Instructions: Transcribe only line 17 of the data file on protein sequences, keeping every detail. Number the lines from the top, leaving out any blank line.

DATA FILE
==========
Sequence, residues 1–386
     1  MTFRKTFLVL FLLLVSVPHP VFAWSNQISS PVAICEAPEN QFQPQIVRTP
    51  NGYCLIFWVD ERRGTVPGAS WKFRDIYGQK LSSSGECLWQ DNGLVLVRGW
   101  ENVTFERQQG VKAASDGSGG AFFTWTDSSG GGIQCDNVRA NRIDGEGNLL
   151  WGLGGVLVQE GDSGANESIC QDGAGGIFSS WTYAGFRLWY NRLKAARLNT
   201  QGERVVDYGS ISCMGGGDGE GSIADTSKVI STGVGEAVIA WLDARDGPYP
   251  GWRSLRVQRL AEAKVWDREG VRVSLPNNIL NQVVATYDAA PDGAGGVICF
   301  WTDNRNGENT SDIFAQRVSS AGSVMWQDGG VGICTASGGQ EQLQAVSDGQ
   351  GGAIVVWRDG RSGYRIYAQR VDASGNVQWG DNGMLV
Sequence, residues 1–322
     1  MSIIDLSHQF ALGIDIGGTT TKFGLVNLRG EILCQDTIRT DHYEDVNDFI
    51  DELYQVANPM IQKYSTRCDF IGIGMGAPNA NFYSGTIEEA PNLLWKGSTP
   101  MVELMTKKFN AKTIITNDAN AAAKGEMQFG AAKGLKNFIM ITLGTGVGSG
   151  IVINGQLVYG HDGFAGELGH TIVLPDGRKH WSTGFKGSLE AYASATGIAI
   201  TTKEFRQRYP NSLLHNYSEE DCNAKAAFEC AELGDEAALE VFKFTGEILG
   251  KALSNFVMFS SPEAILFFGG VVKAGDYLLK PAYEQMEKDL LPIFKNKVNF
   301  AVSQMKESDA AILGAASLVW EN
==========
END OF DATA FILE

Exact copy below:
   301  AVSQMKESDA AILGAASLVW EN